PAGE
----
I saw Rear Window in the theater last year when it was in theaters two days only last year as part of TCM and Fathom's Classic film events.  It was a great film to see on the big screen.  I've also seen Psycho, North By Northwest, Dial M for Murder and The Birds on the big screen.  The Birds and Psycho are very fun to see on the big screen.

 

I'd love to see Vertigo on the big screen.  When I first saw the film, I didn't think it made any sense, but it was interesting.  Now, each time I've seen the film, I've gotten more and more out of each successive viewing.  I always notice something new when I see the film.  A few years ago, my husband and I stayed a night at the Hotel Vertigo in San Francisco.  This building used to be the Empire Hotel which was used as Kim Novak's apartment in the film.  I even got to stand at the top of the famous square stairwell that inspired Hitchcock to have the same style stairwell built for the famous church scenes.

 

I've seen most of Hitchcock's films except for his early British films and the films made at the end of his career.  What I love is how each of his films are so different from one another.  They use similar plot devices, like the macguffin, but the film itself is a completely different theme, different conflict, etc.

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Lucky you, Speedy.

 

I could go into Bellingham and see those TCM movies on the big screen- meaning that they do play there. I used to go to Bellingham all the time growing up.  Now I have no way to get there unless I was on some sort of bus trip with a group of people as I have no car (not that I ever drove anyway) and never do any international travelling.

 

I`ve had people tell me I should keep up my American passport as it would be easier to go across the border- I was born in the US because my father was American -but it is not high on my to-do list.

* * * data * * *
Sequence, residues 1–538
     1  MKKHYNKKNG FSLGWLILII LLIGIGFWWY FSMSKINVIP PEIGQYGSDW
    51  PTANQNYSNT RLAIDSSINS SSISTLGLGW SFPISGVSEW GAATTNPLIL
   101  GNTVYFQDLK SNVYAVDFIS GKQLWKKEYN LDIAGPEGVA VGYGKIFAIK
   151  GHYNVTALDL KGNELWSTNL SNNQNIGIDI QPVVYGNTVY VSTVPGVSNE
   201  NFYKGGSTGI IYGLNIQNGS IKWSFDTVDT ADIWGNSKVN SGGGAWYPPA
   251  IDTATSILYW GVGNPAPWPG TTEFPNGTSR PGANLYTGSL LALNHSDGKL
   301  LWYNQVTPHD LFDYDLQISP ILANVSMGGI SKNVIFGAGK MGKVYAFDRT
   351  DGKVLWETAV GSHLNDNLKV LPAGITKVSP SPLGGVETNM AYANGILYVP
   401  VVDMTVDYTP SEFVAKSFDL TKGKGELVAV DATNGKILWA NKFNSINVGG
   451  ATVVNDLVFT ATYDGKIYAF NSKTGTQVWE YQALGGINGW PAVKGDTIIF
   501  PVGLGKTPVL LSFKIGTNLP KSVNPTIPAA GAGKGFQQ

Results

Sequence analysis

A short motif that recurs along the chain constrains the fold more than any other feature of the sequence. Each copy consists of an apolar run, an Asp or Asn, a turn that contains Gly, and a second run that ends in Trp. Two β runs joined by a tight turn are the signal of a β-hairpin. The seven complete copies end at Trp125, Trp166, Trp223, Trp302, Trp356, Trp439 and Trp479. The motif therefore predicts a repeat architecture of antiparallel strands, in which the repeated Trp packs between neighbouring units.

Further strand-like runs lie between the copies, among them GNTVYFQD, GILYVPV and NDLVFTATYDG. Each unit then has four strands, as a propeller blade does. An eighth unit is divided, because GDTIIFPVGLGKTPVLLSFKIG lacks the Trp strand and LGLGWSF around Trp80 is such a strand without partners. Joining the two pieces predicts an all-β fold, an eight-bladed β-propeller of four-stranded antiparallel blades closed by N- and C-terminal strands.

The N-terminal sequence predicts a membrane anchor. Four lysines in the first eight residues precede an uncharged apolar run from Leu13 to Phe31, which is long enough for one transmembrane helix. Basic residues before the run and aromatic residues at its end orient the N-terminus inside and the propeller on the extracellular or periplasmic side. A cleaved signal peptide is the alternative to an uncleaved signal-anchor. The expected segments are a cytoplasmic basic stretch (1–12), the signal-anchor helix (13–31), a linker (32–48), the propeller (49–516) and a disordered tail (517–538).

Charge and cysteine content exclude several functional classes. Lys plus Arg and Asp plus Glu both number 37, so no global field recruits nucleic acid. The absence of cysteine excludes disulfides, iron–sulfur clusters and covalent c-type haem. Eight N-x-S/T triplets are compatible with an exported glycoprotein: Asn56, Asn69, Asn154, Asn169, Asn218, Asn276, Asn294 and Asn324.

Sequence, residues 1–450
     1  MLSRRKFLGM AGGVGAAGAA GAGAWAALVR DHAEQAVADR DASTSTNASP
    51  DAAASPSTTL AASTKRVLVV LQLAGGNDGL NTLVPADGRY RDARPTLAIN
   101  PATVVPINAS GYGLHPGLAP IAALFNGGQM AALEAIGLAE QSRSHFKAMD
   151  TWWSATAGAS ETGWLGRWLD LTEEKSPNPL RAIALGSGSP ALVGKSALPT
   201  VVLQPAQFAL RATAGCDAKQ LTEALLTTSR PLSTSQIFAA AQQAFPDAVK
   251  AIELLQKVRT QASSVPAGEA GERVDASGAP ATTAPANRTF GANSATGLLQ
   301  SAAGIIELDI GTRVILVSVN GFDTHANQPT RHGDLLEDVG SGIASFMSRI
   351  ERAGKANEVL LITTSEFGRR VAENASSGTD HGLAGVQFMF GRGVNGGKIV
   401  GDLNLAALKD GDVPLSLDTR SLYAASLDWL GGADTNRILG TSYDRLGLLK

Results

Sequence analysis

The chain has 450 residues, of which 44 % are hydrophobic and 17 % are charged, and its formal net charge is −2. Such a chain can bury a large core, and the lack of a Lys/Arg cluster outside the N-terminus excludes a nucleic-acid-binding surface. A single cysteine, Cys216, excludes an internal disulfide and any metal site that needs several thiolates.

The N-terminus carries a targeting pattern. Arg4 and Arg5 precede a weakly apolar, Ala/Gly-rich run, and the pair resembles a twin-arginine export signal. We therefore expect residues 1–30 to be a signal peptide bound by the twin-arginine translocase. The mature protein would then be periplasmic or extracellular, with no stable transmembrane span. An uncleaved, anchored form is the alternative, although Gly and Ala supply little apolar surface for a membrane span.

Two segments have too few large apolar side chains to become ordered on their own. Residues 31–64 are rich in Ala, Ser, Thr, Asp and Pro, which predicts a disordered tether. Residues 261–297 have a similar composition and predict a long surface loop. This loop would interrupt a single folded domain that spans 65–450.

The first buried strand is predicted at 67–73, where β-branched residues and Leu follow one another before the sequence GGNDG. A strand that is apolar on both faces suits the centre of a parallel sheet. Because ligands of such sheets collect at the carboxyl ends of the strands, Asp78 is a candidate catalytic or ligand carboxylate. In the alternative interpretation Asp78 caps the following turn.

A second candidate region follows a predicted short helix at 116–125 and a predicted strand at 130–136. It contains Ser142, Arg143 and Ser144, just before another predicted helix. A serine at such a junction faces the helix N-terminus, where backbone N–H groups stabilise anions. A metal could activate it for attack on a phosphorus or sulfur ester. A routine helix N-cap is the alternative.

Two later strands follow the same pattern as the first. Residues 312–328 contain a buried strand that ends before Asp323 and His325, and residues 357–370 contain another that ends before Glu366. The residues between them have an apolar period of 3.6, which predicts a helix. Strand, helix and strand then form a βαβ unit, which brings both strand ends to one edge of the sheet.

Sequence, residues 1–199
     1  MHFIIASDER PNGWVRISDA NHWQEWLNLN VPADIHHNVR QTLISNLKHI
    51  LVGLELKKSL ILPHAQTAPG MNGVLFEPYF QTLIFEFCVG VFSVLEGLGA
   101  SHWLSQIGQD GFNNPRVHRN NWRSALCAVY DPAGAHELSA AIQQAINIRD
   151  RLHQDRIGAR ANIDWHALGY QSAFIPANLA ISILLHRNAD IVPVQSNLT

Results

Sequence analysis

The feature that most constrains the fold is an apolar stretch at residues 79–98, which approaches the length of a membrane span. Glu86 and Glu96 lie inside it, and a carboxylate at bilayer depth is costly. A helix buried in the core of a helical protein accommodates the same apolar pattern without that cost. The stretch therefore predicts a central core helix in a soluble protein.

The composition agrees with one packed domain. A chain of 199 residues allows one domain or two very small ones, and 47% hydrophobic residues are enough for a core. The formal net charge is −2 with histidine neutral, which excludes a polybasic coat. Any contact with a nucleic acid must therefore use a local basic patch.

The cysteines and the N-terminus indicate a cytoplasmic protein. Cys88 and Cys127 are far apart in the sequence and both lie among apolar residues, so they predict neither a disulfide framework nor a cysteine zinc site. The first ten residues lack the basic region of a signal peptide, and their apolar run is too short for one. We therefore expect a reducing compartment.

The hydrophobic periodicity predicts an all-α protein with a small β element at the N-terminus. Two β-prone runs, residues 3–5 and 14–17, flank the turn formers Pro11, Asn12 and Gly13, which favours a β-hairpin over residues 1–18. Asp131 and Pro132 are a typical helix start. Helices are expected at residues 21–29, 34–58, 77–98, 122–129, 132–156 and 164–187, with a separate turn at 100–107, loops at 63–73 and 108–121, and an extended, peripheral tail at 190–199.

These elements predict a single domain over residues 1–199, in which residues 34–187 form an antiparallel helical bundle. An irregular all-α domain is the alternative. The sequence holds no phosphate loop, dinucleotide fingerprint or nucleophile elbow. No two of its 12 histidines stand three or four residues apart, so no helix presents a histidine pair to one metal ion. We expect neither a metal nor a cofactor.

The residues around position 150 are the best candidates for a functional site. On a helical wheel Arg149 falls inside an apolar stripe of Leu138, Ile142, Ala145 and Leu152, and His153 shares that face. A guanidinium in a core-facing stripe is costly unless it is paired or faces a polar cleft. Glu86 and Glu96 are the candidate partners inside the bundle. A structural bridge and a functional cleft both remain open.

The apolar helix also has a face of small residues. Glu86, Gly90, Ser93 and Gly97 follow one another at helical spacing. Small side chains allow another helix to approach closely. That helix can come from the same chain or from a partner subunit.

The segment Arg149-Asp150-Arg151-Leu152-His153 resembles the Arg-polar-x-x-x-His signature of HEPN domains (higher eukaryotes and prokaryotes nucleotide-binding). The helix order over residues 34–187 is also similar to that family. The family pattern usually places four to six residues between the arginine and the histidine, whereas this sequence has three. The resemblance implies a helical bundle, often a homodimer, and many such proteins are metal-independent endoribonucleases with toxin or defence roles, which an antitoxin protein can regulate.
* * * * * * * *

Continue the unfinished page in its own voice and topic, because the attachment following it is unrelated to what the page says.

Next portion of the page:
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Lucky you, Speedy.

 

I could go into Bellingham and see those TCM movies on the big screen- meaning that they do play there. I used to go to Bellingham all the time growing up.  Now I have no way to get there unless I was on some sort of bus trip with a group of people as I have no car (not that I ever drove anyway) and never do any international travelling.

 

I`ve had people tell me I should keep up my American passport as it would be easier to go across the border- I was born in the US because my father was American -but it is not high on my to-do list.

Ah.  I hope that these TCM/Fathom events expand to Canada some day.  I'm sure there are many people who would be interested in these events. 

 

I don't have a passport at all.  I've been to Canada twice (Vancouver and Victoria), but when I went, a passport wasn't required to travel between the US and Canada.  

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Ah.  I hope that these TCM/Fathom events expand to Canada some day.  I'm sure there are many people who would be interested in these events. 

 

I don't have a passport at all.  I've been to Canada twice (Vancouver and Victoria), but when I went, a passport wasn't required to travel between the US and Canada.  

I am waiting for the day, because there are plenty of bus groups that go into Vancouver for things. Not so much as before we got a new Cultural Centre here and big stars and shows come here.  Mickey Rooney opened the Centre.  Too expensive the tickets were for me.

 

As for international travelling, I have not been on a plane since 2000 when I went to Europe.  I have friends that travel all the time.  But I have never attempted to do this since the twin towers.

 

 

The fact that I did not see Roman Holiday on the big screen really annoyed me,.

 

 

Oh, well.

 

Of the 1936 movies mentioned, the one I would love to see on the big screen the most is Libelled Lady.  It would be a scream. 

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I am waiting for the day, because there are plenty of bus groups that go into Vancouver for things. Not so much as before we got a new Cultural Centre here and big stars and shows come here.  Mickey Rooney opened the Centre.  Too expensive the tickets were for me.

 

As for international travelling, I have not been on a plane since 2000 when I went to Europe.  I have friends that travel all the time.  But I have never attempted to do this since the twin towers.

 

 

The fact that I did not see Roman Holiday on the big screen really annoyed me,.

 

 

Oh, well.